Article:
Editor’s blog: Bad timing for Westfield

With the world economy in a tailspin and UK shoppers hunkered down in their trenches wearing tin-hats, the one thing you really wouldn’t want to be doing this week is opening a 1.7bn, 43 acre, 265-store mega shopping centre in central London. But that’s exactly what the luckless Westfield, the largest urban shopping centre in Europe (right on MT’s doorstep here in West London) is doing: Mayor Boris is cutting the ribbon (and probably falling over his bootlaces) on Wednesday.

Westfield is a serious piece of work: it took 13m man hours to build, should create 7000 jobs and is hoping for 20m visitors each year. The plan when it was conceived was to create a middle-to-top-end venue that would draw destination shoppers away from Bluewater and lakeside Thurrock. The thinking was sound, but the reality into which it is being launched is chilly. Even Westfield’s slogan – ‘Shopping in a new light’ – will have an unfortunate double-meaning.

They’ve done a good job persuading plenty of big names to take space – M&S, Topshop, Next, Waitrose, as well as Tiffany and Gucci. Even the (slightly past it) Abercrombie & Fitch is pitching in.

Quite apart from agonising about levels of footfall, another nightmare for Westfield is that a good number of the outlets – Karen Millen, Coast, Oasis, House of Fraser – are rented by Baugur, the stricken Icelandic investor. The Aussie landlords will be wanting to get those rent cheques cashed – assuming they can get their hands on them in the first place.

On the plus side, the entire staff of Grazia magazine has been dragooned into producing an issue of their gorgeous mag from inside a giant Perspex pod at Westfield. So there are some bright things to look forward to…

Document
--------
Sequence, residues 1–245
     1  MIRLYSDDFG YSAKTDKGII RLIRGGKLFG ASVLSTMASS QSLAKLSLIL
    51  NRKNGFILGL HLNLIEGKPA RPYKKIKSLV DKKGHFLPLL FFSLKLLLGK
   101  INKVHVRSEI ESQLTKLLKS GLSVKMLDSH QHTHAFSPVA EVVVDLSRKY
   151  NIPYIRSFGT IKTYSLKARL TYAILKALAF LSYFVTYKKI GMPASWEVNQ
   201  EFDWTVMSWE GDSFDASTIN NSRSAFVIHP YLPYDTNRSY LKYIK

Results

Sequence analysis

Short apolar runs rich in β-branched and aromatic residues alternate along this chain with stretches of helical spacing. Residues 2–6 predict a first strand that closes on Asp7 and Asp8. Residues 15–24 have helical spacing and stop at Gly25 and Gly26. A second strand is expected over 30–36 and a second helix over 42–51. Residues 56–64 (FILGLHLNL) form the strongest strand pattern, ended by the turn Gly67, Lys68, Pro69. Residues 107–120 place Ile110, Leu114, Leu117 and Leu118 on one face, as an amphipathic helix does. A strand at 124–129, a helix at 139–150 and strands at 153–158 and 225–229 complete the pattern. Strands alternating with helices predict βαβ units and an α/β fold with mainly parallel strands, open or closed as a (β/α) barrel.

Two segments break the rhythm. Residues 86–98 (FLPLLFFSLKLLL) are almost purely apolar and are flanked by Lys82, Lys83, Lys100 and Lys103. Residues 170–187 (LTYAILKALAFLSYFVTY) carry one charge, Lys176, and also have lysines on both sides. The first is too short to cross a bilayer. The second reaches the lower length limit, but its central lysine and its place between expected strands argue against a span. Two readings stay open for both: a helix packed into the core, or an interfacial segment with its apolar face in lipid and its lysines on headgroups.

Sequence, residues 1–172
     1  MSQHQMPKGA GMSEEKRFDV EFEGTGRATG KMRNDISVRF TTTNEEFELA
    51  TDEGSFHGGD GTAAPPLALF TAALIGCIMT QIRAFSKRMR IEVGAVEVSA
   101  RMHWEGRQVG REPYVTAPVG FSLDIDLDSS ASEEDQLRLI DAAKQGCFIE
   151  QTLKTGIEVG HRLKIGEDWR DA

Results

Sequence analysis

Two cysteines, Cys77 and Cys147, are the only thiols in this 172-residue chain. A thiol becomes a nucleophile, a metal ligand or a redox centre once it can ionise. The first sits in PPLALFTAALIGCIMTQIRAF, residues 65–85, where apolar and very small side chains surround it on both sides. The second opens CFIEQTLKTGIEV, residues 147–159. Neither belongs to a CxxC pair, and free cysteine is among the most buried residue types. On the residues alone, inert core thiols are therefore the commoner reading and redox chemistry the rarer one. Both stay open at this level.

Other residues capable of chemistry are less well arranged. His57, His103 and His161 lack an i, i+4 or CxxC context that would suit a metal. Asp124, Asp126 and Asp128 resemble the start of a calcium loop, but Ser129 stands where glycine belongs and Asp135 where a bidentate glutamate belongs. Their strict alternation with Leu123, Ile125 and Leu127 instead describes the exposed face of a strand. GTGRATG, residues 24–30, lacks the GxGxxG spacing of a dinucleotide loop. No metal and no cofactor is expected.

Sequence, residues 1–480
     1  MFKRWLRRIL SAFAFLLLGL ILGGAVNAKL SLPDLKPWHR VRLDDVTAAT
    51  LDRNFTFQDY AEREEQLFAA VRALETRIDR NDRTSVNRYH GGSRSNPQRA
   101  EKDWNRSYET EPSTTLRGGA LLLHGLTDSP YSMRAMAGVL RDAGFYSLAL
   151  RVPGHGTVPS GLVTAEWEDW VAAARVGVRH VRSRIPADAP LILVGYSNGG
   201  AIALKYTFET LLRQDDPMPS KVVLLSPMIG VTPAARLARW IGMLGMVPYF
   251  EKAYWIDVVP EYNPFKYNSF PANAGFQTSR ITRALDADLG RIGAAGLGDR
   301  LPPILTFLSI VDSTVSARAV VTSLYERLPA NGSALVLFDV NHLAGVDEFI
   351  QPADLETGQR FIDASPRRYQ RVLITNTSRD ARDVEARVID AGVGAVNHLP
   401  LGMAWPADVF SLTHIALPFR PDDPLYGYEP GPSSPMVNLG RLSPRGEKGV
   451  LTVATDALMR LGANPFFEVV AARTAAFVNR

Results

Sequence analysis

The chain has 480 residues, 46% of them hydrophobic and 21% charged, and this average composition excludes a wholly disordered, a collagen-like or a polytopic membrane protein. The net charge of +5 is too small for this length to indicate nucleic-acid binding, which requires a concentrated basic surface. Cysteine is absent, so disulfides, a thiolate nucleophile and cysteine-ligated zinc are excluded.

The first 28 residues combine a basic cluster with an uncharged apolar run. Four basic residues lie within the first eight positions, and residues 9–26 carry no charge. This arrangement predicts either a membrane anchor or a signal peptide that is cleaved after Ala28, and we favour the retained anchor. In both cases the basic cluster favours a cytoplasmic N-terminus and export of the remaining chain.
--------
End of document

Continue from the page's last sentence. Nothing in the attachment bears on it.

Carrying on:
In today’s bulletin:
Markets tank again as panic goes global
Sales slide is no small beer
Editor’s blog: Bad timing for Westfield
MT’s Little Ray of Sunshine: Knowing me, knowing you
The Snowball Effect

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    I like the Grazia idea. Which shopping centre would the MT editorial team decamp to if it had the choice?

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    The covered bazaar in Instanbul. It may lack Westfield’s glitzy glamour, but those Turkish shopkeepers have got it where it counts. They are such kamikazi salespeople they make Philip Green look like an amateur.

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    And the theme of the issue you’d produce? The mind boggles …
    (surprised by the choice, to be honest, my money was on Bluewater …)

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    Well, you have to admit that Istanbul would be more fun. The retail therapy issue, which would work equally well in Bluewater or the Bazaar, come to think of it. How stores are coping with the downturn, the changing patterns of shoppers behaviour and how to extract maximum spend even when money is tight. What Ray Kroc called ‘The art of letting the customer have it your way.’

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    The downturn has produced the most amazing opportunities for Westfield. The media are so desperate for good news stories they have given it a level of editorial and front page publicity that money just couldn’t buy.